Presentation on theme: "I NTERNATIONAL A SSISTANCE DONOR PERSPECTIVES Mr Tim Horner Mine Action Advisor, Bureau for Crisis Prevention and Recovery, UNDP New York March 2013 Addis."— Presentation transcript:
I NTERNATIONAL A SSISTANCE DONOR PERSPECTIVES Mr Tim Horner Mine Action Advisor, Bureau for Crisis Prevention and Recovery, UNDP New York March 2013 Addis Abbba March 2013
Why do donors provide assistance? Each donor has its own perspective on Political reasons Humanitarian imperative Peace building Stabilization Post conflict reconstruction
How do donors provide assistance? They identify: Key objectives (political and strategic) Which part of mine action (5 pillars) A preference on direct implementation or support through capacity development Where – country/region?
How do donors provide assistance? Where possible donors develop a strategy Each donor strategy reflects its own perspectives The UN developed 2013 – 2016 mine action strategy supported by a policy
DFID Programme Strategy 2010-2013 on Mine Action: “Creating a safer environment: Clearing landmines and other explosive remnants of war” Focus Building countries’ own demining capacity Maximizing impact of demining on the socio- economic development of targeted populations.
AusAID Mine Action Strategy 2010-2014 Goal: Reduce the threat and socioeconomic impact of landmines, cluster munitions and other explosive remnants of war, with priority on most heavily affected countries in the Asia-Pacific region Objectives Improve quality of life for victims and their affected families and communities. Reduce number of deaths and injuries. Enhance capacity of countries to manage their mine action programs. Exercise effective leadership and advocacy on mine action.
US Humanitarian Mine Action Program, Office of Weapons Removal and Abatement. US Department of State Goal: Relieve human suffering and develop an indigenous mine action capability while promoting U.S. interests. Focus Curb the illicit trafficking, availability and indiscriminate use of conventional weapons of war that fuel regional and internal instability Pursue and help manage post-conflict cleanup of such weapons in areas needed for civilian use; Engage civil society to broaden support for our efforts and enhance U.S. influence.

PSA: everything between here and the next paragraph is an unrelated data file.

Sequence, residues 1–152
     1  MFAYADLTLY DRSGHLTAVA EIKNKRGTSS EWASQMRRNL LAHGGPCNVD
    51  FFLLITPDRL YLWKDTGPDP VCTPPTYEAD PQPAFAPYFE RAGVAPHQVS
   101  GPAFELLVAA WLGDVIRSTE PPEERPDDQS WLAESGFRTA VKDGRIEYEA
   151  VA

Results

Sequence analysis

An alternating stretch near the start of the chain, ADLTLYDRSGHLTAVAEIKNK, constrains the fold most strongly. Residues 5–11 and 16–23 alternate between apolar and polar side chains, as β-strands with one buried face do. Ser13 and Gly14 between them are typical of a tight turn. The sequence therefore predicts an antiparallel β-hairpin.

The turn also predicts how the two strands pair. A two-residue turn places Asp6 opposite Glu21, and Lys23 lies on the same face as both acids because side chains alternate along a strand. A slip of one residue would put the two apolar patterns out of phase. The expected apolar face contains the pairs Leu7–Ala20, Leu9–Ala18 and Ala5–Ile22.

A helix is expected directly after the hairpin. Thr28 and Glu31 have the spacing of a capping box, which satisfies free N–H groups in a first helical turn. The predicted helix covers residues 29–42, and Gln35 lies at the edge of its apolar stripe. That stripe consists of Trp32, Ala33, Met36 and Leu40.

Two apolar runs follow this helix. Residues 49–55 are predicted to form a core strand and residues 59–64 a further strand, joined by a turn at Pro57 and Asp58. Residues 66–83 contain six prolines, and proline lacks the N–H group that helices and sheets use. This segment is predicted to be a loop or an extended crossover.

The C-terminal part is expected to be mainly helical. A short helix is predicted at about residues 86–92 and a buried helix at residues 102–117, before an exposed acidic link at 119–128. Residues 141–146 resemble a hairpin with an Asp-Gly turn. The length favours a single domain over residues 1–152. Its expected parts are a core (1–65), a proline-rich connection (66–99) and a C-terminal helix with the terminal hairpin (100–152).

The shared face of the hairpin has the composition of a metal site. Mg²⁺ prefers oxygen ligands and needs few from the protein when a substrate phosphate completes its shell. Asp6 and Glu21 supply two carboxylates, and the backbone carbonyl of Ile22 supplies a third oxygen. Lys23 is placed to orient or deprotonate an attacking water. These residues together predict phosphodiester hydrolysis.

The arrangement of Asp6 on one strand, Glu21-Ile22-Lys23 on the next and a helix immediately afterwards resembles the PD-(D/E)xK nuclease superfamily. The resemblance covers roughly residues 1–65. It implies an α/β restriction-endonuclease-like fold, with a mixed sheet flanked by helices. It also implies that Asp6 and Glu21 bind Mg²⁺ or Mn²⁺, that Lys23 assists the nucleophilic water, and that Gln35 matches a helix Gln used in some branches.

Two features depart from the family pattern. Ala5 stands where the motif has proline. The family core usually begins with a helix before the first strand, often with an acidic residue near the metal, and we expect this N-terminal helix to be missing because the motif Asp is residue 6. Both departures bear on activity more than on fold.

How do donors provide assistance? They identify: Partners / implementers / contractors Preference on how to fund How to manage the funding Indicators / milestones / measures of success and reporting End states and exit strateggies
How to provide assistance? They identify: Parameters of value for money Ways of harmonisation with – National Governments – Other donors – Multi laterals – NGOs
How do donors identify if their assistance was worthwhile? Measure impact through – Monitoring – Evaluation – Links to development
Australia, Austria, Belgium, Canada, China, Denmark, European Union, Finland, France, Germany, Ireland, Italy, Japan, Lithuania, Luxembourg, Netherlands, New Zealand, Norway, Portugal, Republic of Korea, Saudi Arabia, Slovenia, Spain, Sweden, Switzerland, United Arab Emirates, United Kingdom, United States of America. And certain international organizations including: United Nations Mine Action Team (UNMAS, UNDP, UNICEF), GICHD Organization of American States, International Trust Fund for Deming and Victims Assistance (ITF).
? Contributions by thematic sector: 2011 Percentage of total contribution Clearance/RE 399.2 86% Victim Assistance 30.0 6% Various 18.8 4% Advocacy 11.8 3% Stockpile destruction 6.9 1% Total 466.7 100%
? Article 6 of the Mine Ban Treaty recognizes the right of each State Party to seek and receive assistance from other States Parties in fulfilling its treaty obligations. The Monitor reports annually on support for mine action by affected countries and on international mine action assistance reported by donor states. In most cases, the Monitor relies on responses to requests for information sent to donors and affected states.